Gay Asian-American Groups Fight Immigration Reform

As we trudge through today’s protests against immigration reform, we are reminded (by the attractive Latino gentleman certain Queerty editors are currently dating) that holding together LGBT families is already difficult, dealing with a somewhat unsympathetic government. With the proposed anti-immigration legislation, it will become a crime for a US citizen to offer financial assistance to “illegal” immigrants of any kind. You say, for instance, that you don’t need marriage rights–and you think you can pay for your boyfriend to stay here with you? Think again, mister. He has to go, or you both go to the slammer. (Not to mention that houseboy, yard worker, and cleaning lady you’ve been paying. And don’t pretend you’re not.)

A coalition of LGBT Asian/Pacific Islander organizations have held the White House to task, in an open letter to Bushie and his buddy Dennis Hastert, who is sponsoring the bill. We especially like the part that mentions “We urge you to support the reunification of immigrant families and binational same-sex couples and ease the highly restrictive process to apply for political asylum.” Not that it will happen. But it’s nice that they asked.

Read the letter below:

President George W. Bush

Speaker Dennis Hastert
United States House of Representatives

Majority Leader Bill Frist
United States Senate

Dear Sirs:

There are almost 12 million Asian Pacific Americans in the United States. 69% of them are immigrants. Countless Asian immigrants are lesbian, gay, bisexual, or transgender (LGBT). We write to urge you to support comprehensive immigration reform.

We are greatly concerned about the immigration bill adopted by the U.S. House of Representatives last December that would make simply being an undocumented immigrant a felony and makes it illegal to help and support undocumented immigrants.

The bill could subject our organizations, as well as those who love and care for their undocumented immigrant partners and loved ones, to criminal prosecution. To love and show compassion should never be criminal. We urge you to abandon these mean-spirited provisions.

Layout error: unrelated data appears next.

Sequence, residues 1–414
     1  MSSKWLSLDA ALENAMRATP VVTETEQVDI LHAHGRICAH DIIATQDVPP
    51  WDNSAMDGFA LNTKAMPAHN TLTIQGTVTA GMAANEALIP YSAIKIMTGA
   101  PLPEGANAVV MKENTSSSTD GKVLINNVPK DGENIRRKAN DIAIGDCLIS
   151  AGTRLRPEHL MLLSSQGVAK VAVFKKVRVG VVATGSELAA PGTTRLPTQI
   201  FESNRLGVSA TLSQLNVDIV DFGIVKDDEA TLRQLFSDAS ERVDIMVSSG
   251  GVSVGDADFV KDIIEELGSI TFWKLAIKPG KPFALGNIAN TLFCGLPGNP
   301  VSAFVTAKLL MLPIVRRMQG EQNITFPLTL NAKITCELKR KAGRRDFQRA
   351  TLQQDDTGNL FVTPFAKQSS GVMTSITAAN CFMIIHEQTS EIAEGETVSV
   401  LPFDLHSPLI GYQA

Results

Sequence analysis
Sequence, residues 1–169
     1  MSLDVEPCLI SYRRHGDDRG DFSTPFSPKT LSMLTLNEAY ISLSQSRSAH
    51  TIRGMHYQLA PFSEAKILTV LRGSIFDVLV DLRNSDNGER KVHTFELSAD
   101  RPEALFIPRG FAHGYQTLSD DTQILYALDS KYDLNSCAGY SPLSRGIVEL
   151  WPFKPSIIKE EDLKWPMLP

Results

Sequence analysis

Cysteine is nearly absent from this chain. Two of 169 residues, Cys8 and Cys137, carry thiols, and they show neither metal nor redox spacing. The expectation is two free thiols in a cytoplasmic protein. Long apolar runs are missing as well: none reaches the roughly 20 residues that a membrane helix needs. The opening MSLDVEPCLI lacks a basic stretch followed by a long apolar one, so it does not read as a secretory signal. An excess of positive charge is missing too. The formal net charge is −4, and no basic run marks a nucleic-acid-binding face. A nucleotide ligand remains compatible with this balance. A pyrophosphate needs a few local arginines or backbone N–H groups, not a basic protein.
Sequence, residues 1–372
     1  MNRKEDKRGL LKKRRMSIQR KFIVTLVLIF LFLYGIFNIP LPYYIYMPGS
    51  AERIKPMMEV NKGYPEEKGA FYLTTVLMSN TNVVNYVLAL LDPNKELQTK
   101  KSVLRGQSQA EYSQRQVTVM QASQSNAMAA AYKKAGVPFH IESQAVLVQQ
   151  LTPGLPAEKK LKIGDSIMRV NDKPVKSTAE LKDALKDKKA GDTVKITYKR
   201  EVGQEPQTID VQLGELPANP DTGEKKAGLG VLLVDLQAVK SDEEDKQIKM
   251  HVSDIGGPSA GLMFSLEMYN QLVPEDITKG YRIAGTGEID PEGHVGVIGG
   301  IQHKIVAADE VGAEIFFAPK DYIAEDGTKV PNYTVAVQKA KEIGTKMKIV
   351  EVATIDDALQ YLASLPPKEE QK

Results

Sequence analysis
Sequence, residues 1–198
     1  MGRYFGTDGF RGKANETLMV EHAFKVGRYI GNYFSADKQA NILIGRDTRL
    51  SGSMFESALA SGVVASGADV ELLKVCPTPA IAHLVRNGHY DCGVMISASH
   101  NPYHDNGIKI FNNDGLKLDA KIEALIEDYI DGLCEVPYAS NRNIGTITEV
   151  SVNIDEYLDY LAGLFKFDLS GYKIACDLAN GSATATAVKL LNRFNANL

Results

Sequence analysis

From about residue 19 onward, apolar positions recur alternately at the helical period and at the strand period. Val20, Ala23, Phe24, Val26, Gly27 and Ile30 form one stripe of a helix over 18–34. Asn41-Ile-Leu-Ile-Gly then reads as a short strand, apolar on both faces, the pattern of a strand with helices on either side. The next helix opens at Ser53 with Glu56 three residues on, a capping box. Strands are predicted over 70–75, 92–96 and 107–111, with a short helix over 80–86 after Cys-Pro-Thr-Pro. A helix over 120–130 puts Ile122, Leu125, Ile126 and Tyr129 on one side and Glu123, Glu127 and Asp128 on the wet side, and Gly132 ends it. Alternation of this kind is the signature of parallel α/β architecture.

Rather, we urge you to support immigration policies that promote family reunification. Immigrants and their children should be together. We should strengthen families, not tear them apart.

We commend certain provisions of the U.S. Senate Judiciary Committee’s bill. We commend the earned path to legal permanent residency and ultimately citizenship for certain undocumented workers and college students. We commend the protections for migrant workers. We are pleased that it addresses the extensive backlogs in processing visas for family members abroad of immigrants living in the U.S. But much is still missing.

(1) We urge you to address the detention and deportation of immigrants. Many Muslim, South Asian, and Southeast Asian Americans have been improperly racially profiled and have not been afforded constitutional due process protections.

(2) We urge you to undo the requirement that local police enforce complicated immigration laws. LGBTs have already encountered many problems with police misconduct and police brutality. There are insufficient assurances and resources to make this workable.

(3) We urge you to support the reunification of immigrant families and binational same-sex couples and ease the highly restrictive process to apply for political asylum.

We hope you will show compassion and will take our views into your consideration.


[the undersigned]

LGBT Asian-American Groups Protest Immigration Reform [The Advocate]